Feeling quite proud of myself for designing my own cross stitch, I was going to blog about the Sargeant Major fish – that’s what I used for the design. So I turn to google and Wikipedia for interesting snippets and find to my embarrassment I have not drawn/stitched enough stripes, so my fish is more of a Corporal then a Sargeant.
These fish are all over the local sea – 5 vertical black stripes with yellow between or occasionally blue-grey colour, which is apparently the brooding male. Last year we had a solitary one around our local rock, Redshank Island, but this year we have three at least and they have grown to about 4 inches.
Now this may be considered cheating but when you go snorkelling take some bread with you because these little fish will eat from your hand and follow you about once they know you are feeding them.
The proper name for them is Abudefduf saxatilis. They were first named in 1758. I learned today that they have just one nostril either side of their face, unlike the related angel fish which have two – can’t say I have noticed, but I guess I hadn’t actually realised that fish had nostrils in any case ( clearly something lacking with my biology education, but it might have been that I was not paying attention).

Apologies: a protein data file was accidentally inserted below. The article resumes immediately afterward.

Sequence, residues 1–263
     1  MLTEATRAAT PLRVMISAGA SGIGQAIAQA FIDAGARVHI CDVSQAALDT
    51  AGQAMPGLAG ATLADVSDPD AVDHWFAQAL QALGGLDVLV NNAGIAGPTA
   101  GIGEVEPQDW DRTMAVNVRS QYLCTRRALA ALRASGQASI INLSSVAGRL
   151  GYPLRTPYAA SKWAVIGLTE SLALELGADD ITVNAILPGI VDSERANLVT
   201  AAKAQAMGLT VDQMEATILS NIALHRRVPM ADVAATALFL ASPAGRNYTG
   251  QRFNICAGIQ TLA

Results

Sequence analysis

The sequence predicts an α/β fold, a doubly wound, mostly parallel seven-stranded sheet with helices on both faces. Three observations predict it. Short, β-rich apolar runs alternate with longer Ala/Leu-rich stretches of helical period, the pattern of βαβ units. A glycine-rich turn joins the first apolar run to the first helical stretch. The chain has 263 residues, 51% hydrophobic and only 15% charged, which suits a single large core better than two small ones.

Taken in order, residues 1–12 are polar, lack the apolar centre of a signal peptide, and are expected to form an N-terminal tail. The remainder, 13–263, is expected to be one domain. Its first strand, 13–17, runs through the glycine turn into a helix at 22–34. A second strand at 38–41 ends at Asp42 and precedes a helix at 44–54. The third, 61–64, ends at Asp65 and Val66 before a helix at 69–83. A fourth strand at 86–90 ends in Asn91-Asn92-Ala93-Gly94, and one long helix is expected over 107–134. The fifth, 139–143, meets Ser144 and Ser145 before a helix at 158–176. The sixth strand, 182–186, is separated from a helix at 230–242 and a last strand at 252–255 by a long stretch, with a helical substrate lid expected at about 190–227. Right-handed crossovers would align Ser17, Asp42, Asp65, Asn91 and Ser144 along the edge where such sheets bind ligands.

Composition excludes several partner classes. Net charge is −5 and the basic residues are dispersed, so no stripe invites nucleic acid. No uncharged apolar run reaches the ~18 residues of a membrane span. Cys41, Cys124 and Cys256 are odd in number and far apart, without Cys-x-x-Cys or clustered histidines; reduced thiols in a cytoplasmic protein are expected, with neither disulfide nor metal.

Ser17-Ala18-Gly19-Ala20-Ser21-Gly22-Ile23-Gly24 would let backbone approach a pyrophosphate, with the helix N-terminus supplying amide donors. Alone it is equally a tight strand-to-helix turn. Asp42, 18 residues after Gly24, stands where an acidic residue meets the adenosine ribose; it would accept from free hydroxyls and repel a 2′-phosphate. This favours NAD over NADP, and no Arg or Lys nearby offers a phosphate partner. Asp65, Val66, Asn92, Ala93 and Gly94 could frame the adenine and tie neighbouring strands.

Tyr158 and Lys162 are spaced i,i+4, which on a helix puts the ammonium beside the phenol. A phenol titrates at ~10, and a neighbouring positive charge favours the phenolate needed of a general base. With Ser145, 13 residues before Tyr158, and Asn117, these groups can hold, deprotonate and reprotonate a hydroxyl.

Late May and early June are the spawning season for these fish – probably so for many of Bermudian fish – it depends on water temperature. The males turn a bright blue and several females will lay their eggs in the nest that a male has prepared. Incubation period is just 4 days until small larvae hatch out. These, however, unlike the grown-ups, are very fussy eaters, demanding a particular copepod, a small crustacean, upon which they feed voraciously until day 20 when they begin to resemble the adult fish, just really cute miniature versions of them.
Now I haven’t told any of my visitors this, but I did see it reported that Sargeant majors sometimes attack and bite – the specifics to the tale were a diver cleaning an aquarium tank and I believe the outcome did not entail loss of limb or life.